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Call it the anti-Viagra. It's not a product for the man who can't get the party started. It's for the man who ends the party too soon.
Competition is heating up to treat premature ejaculation, or PE, which may afflict one-in-three men at some point in their lives—and not just when they're teenagers.
Yet while Viagra, Cialis and Levitra are multibillion-dollar impotency drugs for Pfizer, Eli Lilly and GlaxoSmithKline, the PE market is in the start-up phase. "How can these billion-dollar companies in the ED space not come up with a product?" asked Jeff Abraham, CEO of Absorption Pharmaceuticals.
His 4-year-old company makes and markets Promescent, an FDA-approved, over-the-counter spray to treat PE. The spray uses lidocaine to reduce sensitivity and allow for longer performance. It is absorbed quickly so as not to be transferred to sexual partners. "It doesn't diminish the climax," said Abraham.
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A rival product called Tempe uses prilocaine and is coming to market in Europe. It was created by Dr. Mike Wyllie, the man who invented Viagra. That drug has even received joking attention from late night host Jimmy Kimmel, who noted: "My parents live in Tempe."
Jokes aside, the real question is, what's taken so long? Way back when, Masters and Johnson determined that the average man reaches climax in about four minutes, while the average woman takes 10 to 20 minutes.
Men who suffer from PE usually don't last more than a minute. Current treatments include off-label use of antidepressants, which can have side effects. New products aim to avoid that.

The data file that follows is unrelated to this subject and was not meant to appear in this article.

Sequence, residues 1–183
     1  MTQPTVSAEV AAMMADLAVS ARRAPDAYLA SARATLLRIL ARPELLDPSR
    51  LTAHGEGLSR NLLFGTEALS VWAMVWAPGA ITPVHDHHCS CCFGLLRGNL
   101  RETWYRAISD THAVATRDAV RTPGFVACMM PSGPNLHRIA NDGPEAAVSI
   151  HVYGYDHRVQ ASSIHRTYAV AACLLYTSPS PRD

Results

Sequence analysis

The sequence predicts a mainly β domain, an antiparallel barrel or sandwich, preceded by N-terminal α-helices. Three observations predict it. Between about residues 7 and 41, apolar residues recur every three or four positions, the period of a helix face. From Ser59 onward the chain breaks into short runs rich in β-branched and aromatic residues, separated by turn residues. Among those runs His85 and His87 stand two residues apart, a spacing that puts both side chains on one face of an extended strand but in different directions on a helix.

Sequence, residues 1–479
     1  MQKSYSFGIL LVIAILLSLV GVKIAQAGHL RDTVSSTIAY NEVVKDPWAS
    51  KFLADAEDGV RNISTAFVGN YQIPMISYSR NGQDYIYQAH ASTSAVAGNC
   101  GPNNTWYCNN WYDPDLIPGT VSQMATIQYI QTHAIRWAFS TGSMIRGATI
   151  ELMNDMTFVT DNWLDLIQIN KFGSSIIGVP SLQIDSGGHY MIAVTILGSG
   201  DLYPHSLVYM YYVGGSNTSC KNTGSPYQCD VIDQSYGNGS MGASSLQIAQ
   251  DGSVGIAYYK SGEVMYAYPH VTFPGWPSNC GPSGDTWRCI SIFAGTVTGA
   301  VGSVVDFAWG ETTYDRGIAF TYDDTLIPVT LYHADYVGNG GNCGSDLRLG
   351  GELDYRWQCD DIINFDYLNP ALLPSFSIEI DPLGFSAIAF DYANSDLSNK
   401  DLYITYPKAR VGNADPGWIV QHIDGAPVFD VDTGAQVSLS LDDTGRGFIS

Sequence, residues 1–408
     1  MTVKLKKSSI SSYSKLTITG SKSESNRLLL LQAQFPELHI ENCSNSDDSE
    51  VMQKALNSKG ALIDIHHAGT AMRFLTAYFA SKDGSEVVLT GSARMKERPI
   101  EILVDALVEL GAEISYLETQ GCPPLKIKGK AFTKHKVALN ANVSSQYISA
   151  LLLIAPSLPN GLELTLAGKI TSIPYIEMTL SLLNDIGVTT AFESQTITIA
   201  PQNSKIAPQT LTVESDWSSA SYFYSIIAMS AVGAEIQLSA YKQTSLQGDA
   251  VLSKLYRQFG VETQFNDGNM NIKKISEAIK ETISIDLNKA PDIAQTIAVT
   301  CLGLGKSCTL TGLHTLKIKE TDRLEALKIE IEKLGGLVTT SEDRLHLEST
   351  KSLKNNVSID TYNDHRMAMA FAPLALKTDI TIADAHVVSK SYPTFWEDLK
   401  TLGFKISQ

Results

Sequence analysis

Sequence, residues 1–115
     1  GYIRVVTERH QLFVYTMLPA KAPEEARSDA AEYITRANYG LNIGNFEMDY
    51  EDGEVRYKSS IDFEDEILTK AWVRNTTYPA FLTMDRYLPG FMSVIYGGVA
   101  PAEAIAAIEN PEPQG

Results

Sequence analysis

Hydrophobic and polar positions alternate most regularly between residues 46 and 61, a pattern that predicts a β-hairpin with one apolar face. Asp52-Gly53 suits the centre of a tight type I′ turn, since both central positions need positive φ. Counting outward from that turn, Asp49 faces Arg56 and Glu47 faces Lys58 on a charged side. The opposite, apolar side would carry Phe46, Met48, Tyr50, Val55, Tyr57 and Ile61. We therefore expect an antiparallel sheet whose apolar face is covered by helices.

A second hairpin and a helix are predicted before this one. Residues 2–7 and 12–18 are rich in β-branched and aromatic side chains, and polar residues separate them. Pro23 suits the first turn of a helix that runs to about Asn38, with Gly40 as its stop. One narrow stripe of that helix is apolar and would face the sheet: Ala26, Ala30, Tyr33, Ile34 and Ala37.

Abraham said Promescent sales will hit $1.5 million this year and top $4 million in 2014. He credits the product's growth to referrals from a network of urologists.
Most sales are online, though Abraham is negotiating with retailers for more brick-and-mortar space.
The story of how Promescent came to market, though, is complicated by tragedy. The product was created by Dr. Ron Gilbert: "A guy you'd want your sister to marry," said Abraham.
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Gilbert was gunned down in his office earlier this year. The shooting may have been a case of mistaken identity.
"Ron's death was a complete tragedy, and it set us back," said Abraham. "We lost a tremendous amount of history." However, he feels the company's board has the scientific gravitas to keep moving forward. "No one person will ever stop the success of the company."
Abraham's own journey to the company was also unusual. He was the retired CEO of a semiconductor engineering firm who had become restless. Gilbert was his urologist. One day the physician told Abraham about Promescent and wanted advice on commercializing it.
Abraham eventually put in $700,000 of his own money and came aboard. The next year, Promescent was featured on "The Dr. Oz Show," and sales began to take off.
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Now men who are not suffering from PE are also starting to buy. Much like Viagra users who don't have ED, Absorption Pharmaceuticals sees customers using Promescent merely to prolong their sexual performance. "There is a tremendous recreational component," said Abraham.
"It's definitely effective," said Scott, a 53-year-old executive who does not want his last name used. Scott heard about Promescent from a friend ("We're a bunch of old guys, so we talk about everything"), and he went online and bought a bottle. "The first time I think I oversprayed, 10 to 12 sprays," he said. The result? "My wife got annoyed, like 'Enough already!'"
Since then he's adjusted his dose and says it has more than doubled his performance time. He added that, apparently, none of the Promescent transferred to his wife.
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Abraham believes the PE market could become bigger than the ED market, and larger companies are starting to take notice. He said he recently turned down an offer to sell the company for about $30 million.
"I know what I have, and I know what it's worth," he said.
He plans to sell eventually, in part to help provide for Gilbert's widow and two sons. "It's kind of bittersweet," Abraham said of the company's fledgling success now that its founder is gone. "I wish he was here to see it."
—By CNBC's Jane Wells; Follow her on Twitter: @janewells.